During the recent Los Angeles press junket for The Hunger Games, I landed an exclusive interviews with the cast and director Gary Ross. While I already posted my conversations with Jennifer Lawrence and Liam Hemsworth, I decided to wait to post Lenny Kravitz figuring the movie would do well and fans would love to get some fresh content after the film had opened. However, while I thought Hunger Games would do well, I never figured it would be one of the biggest openings of all time and make $155 million dollars in three days! Needless to say, due to the box office, fans are definitely getting sequels.
Anyway, since Kravitz had been doing a lot of press before the film opened, I tried to ask some new questions like what’s his favorite movie, director and actor, how did he decide the look of Cinna, what made him want to play this role, what did his friends and family think when he got cast, how many takes does he like to do, and a lot more. In addition, Kravitz tells a great story involving Mick Jagger and karaoke. Hit the jump to either read or listen to the interview.
Based on Suzanne Collins’ novel and produced by Nina Jacobson, The Hunger Games stars Jennifer Lawrence, Josh Hutcherson, Liam Hemsworth, Lenny Kravitz, Elizabeth Banks, Woody Harrelson, Donald Sutherland, Wes Bentley , Alexander Ludwig, Isabelle Fuhrman and Amandla Stenberg. For more on the film, here’s three clips and six minutes of behind-the-scenes footage, as well as all our previous coverage.
As usual, I’m offering two ways to get the interview: you can either click here for the audio, or the full transcript is below.
KRAVITZ: I have favorites. My favorite movie, if I had to pick one: Manhattan. I’m a Woody Allen fanatic. You have to understand I grew up in New York City, half Jew, half African-American. I really relate to my Upper East Side, pseudointellectual, Jewish guilt—the whole thing. There’s a lot of Woody Allen in my life. I lived between a Spike Lee film and a Woody Allen film. Because I also grew up in Bed-Stuy Brooklyn. So I had both sides. My favorite director: Fellini, I’d have to say. And my favorite actor… That’s a hard one, but I have to say De Niro.
Getting back to Manhattan, which is one of my favorite films, it’s interesting that Woody doesn’t hold it in such a bright light, the way that we all do. But that opening shot is fucking amazing.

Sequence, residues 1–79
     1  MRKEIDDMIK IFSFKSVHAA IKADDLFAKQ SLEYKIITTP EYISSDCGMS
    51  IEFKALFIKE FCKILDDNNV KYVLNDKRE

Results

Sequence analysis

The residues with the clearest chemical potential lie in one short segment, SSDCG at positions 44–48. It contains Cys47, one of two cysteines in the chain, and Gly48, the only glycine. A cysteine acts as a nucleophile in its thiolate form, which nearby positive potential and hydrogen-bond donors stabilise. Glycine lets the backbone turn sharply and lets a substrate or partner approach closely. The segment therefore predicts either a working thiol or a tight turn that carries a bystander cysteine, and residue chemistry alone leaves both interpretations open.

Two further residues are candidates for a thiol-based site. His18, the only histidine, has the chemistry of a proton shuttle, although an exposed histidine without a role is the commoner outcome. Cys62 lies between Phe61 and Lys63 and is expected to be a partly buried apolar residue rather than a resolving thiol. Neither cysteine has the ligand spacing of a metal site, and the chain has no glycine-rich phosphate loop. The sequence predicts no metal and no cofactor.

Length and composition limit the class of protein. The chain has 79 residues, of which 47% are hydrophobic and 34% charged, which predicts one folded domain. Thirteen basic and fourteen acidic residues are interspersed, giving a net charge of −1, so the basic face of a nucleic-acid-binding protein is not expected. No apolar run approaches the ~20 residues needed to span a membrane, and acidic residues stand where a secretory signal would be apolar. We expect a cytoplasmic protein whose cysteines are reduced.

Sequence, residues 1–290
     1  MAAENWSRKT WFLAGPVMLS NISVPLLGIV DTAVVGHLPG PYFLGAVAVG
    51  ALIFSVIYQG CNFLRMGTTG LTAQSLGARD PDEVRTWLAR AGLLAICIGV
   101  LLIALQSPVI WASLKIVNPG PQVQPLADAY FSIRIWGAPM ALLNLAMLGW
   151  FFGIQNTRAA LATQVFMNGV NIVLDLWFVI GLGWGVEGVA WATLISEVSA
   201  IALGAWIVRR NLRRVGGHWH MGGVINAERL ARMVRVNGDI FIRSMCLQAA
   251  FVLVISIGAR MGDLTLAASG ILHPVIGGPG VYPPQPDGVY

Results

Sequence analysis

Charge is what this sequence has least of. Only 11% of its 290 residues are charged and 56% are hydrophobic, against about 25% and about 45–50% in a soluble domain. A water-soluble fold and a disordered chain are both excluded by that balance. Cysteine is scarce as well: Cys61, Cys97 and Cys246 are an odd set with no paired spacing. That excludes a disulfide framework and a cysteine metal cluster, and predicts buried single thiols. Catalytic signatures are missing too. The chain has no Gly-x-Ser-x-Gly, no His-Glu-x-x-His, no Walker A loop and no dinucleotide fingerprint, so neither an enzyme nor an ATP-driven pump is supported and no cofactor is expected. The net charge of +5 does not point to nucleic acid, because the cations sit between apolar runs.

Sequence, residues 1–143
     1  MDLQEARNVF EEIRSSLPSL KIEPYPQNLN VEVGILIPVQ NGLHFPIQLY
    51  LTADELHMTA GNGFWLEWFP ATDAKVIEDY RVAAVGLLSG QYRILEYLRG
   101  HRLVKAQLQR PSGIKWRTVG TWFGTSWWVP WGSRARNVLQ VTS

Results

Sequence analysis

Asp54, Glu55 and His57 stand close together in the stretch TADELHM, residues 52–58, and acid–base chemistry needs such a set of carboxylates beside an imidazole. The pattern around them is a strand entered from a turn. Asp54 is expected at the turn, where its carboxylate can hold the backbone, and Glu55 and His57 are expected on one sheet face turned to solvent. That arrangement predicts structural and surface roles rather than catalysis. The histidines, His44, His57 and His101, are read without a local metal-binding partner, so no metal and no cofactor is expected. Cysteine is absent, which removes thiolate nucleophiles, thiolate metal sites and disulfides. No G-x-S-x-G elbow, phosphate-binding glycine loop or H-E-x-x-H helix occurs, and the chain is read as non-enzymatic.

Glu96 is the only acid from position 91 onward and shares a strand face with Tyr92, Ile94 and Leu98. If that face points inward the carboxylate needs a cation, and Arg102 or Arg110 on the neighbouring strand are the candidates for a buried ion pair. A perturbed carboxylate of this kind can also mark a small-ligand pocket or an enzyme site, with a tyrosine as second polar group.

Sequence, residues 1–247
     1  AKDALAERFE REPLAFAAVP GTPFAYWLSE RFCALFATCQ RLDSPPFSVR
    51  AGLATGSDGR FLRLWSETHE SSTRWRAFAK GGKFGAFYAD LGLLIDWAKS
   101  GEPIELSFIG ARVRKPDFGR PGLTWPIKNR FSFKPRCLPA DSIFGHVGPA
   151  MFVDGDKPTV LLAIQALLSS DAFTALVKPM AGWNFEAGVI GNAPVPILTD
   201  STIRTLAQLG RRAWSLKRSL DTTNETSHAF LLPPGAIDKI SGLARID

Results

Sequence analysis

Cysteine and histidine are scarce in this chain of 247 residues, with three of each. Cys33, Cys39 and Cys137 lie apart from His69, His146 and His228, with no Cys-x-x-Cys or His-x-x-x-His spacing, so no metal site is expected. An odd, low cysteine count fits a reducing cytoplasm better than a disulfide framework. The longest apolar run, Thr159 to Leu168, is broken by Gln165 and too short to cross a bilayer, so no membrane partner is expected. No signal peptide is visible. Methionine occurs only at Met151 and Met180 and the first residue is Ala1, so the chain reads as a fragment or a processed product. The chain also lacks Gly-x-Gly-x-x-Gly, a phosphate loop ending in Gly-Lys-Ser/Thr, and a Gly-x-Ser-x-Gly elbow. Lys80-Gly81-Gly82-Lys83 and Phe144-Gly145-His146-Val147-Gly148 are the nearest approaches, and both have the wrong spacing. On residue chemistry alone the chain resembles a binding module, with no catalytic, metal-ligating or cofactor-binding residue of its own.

KRAVITZ: Of Woody? Coming through on the train?
Also the fireworks over Central Park. It’s amazing. Sorry I have to put myself in there. I love the film. I ask this of everybody: What is your go-to karaoke song? Have you ever actually done karaoke?
KRAVITZ: I’ve never done karaoke. I’ve never done it. Isn’t that weird? I’ll tell you my favorite karaoke moment, which is not karaoke per se. I was on vacation with Mick Jagger once, several years ago. He was on a world tour. This is what we do. The throat is a muscle. So if you’re touring, you have to build up the strength of your voice. Now all of a sudden if you have a month off and you don’t sing, that first show, you’re gonna not be happening. And you might get hoarse, and it fucks up the whole next leg of the tour. So you have to keep singing. We were having dinner and he said, “Lenny, excuse me, I’ll be back in about 45 minutes.” So he goes downstairs and all of a sudden I’m hearing “Brown Sugar.” And I’m hearing Mick. What Mick is doing (because I had to peep), he was dancing around and doing Rolling Stones karaoke to keep his breath up and to keep his voice up so that he would stay up on his off time. He had a band tape of Stones with no vocals that they would record at sound check, right? He’s doing Mick Jagger karaoke downstairs, and I’m listening to this. I was like, “This is the best moment of my life.”
That’s awesome. That’s fucking awesome. I’m going to jump into the movie now.
KRAVITZ: Sorry, we went off the movie.